Talking about the weather isn't a safe subject of conversation anymore. Earlier, even with total strangers – at the bus stop or on a train or in a doctor’s waiting room – one could strike up a conversation by saying “It is very hot today, isn’t it?” or “I wonder when it will rain”. Nobody took umbrage; in fact the other person usually responded immediately and soon there would be a pleasant exchange of views and information.
But right now in India, talking about the weather with strangers or even friends and colleagues is not advisable. It can lead to arguments which could quickly turn political and even strain relationships. One has to be careful not to cross the invisible saffron line.
For instance, it is okay to say: “Did you hear about the deluge in Mumbai today?”. The reply will probably be: “Yes, the whole city has come to a standstill after just a few hours of rain”. To which one can nod in agreement and say: “There are traffic jams, houses collapsed, people died. It is the same story year after year”.
Up to that point it is okay. But to say anything more is as risky as wading through a flooded street and tripping on a pothole or, worse, falling into a manhole whose cover is missing. The atmosphere in the country today is fraught with hidden tripwires.
Hence it is not safe to say: “The municipal corporation is full of corruption. They siphon off all the funds meant for repairs. They know their political bosses will protect them”.
“Political bosses? Are you blaming the ruling party? Are you accusing the Chief Minister of corruption and negligence? It is your party which did nothing for 70 years”. Tempers are lost. Hot words are exchanged. Sometimes it even leads to physical fights and worse.
So it is much safer not to talk about the weather with strangers. If the heat is unbearable, it is better to sweat in silence. If you are stranded on a water-logged street, it is better to wait till the water-level recedes and vehicles start moving and you are finally able to reach home and get into dry clothes.
The truth is that it is dangerous to speak the truth. It is no longer permitted for people to criticise the authorities for anything. It can, and probably will, be construed as an unpatriotic act. In an instant, you will be labelled a member of the tukde-tukde gang. And rudely told to relocate to Pakistan.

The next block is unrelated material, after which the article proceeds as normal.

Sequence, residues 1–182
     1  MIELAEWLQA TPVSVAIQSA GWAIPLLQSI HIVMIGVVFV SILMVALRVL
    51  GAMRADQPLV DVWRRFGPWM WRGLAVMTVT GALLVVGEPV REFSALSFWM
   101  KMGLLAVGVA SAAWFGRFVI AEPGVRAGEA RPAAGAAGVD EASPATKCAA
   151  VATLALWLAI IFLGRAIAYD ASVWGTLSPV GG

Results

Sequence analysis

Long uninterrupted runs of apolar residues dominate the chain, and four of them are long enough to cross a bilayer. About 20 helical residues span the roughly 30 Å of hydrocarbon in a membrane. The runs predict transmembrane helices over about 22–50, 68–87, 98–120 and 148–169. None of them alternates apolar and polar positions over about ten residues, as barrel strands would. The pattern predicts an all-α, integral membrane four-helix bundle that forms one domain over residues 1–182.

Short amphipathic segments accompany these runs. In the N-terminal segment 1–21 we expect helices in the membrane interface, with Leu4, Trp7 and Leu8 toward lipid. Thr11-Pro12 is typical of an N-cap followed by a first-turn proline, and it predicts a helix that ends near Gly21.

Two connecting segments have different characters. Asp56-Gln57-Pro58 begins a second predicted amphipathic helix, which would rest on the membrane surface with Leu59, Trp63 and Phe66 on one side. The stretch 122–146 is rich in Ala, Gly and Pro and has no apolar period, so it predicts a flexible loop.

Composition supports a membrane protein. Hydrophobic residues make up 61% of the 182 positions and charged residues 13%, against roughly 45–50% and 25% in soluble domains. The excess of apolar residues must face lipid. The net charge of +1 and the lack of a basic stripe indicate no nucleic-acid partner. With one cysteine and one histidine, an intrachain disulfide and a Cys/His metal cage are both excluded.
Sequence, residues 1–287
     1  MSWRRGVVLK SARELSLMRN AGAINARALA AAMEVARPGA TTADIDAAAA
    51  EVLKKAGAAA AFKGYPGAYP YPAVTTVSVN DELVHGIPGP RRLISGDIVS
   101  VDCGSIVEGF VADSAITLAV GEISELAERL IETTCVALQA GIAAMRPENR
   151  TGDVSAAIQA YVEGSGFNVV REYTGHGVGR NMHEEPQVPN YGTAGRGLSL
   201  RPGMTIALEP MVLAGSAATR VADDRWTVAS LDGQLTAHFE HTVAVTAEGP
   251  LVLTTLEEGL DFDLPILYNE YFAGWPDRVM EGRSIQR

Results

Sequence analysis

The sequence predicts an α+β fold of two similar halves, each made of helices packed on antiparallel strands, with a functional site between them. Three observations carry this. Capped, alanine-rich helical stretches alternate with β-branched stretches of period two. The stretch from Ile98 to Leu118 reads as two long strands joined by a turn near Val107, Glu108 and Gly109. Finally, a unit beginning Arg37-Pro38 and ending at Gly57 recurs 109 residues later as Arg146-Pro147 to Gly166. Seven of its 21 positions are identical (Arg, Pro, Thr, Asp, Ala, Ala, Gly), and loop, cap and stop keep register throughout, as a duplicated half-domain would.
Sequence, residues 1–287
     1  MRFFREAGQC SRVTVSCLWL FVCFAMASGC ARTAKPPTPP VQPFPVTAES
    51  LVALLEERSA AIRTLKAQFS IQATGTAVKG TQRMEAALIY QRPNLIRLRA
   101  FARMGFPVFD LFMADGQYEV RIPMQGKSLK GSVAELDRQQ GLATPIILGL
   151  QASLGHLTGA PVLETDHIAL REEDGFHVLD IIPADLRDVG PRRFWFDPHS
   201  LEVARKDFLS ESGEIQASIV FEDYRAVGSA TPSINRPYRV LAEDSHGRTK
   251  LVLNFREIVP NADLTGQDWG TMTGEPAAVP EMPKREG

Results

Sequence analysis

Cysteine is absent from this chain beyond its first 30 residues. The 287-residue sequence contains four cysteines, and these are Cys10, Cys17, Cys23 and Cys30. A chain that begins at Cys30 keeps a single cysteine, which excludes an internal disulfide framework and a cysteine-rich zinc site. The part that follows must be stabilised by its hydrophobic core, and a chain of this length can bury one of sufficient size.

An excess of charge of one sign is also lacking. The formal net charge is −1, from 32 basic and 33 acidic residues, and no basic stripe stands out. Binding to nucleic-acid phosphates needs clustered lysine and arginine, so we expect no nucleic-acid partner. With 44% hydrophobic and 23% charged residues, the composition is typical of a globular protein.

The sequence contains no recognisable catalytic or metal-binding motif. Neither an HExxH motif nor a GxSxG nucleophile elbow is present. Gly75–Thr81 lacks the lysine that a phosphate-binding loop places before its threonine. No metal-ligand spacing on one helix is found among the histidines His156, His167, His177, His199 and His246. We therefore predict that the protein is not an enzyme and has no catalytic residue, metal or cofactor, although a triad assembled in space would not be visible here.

In Delhi’s Chawri Bazar this week a simple dispute over parking of a two-wheeler scooter in front of a shop led to a flare-up of emotions and ended up in violence, desecration of a place of worship and communal tension in the whole area for two days running.
It may seem that the weather had nothing to do with it. But it has been so hot and humid in the national capital that all citizens are on edge, itching for a fight at the slightest provocation.
Reports of beatings, incidents of mob lynching and street violence are pouring in from all over the country on a daily basis. The videos of a uniformed woman forest officer being mercilessly thrashed in Telangana merely for doing her job of planting trees is just one example.
The attack by a powerful politician’s son on a municipal official in Indore, Madhya Pradesh is another instance. The incident was all the more bizarre because the young man, who is an elected MLA himself, used a cricket bat to hit the official. After he was released on bail he was feted as if he was a World Cup hero.
There are numerous other incidents taking place across the country, most of which do not even get reported in the news.
There could be several reasons why street gangs are taking the law into their own hands. One is obviously that they have become emboldened by political patronage. A new class has captured power in the country and after the recent elections they feel vindicated and self-righteous and want everybody else to fall in line.
But another reason, arguably, is the weather. This summer has been too hot to bear. The monsoon rains are taking too long to arrive – wherever the rains have arrived, it is either too little or too much.
This summer has been too hot to bear. The monsoon rains are taking too long to arrive – wherever the rains have arrived, it is either too little or too much.
It is not as if the people of India are not used to suffering because of the vagaries of the weather. But this time the overall climatic conditions have been soul-killing, not merely energy-sapping. Its the sense of disappointment and betrayal which is what is almost too much to bear.
This ought to have been a season of hope. The long seven-phase elections are over and the government has been re-elected with a massive majority – yet there is a strange absence of joyful celebrations.
Instead, anxiety, anger and impatience are more evident than a feeling of confidence and self-assurance. Rather than faith in the future soaring to new heights, there are palpable signs of a lurking foreboding that things are going to get a lot worse. This is what is causing an undercurrent of unease and erupting in frequent outbursts of mindless violence.
Adding to the frustration is the fact that even though it is already the first week of July, the sun is still mercilessly hot in many parts of the country, especially in the North. In States where the rain gods are finally beginning to smile, the smiles are rapidly turning into snarls - newly sowed saplings are being washed away and city streets are getting submerged.
But no, this is not the time to talk of the weather – it is no longer a safe and non-controversial topic of conversation.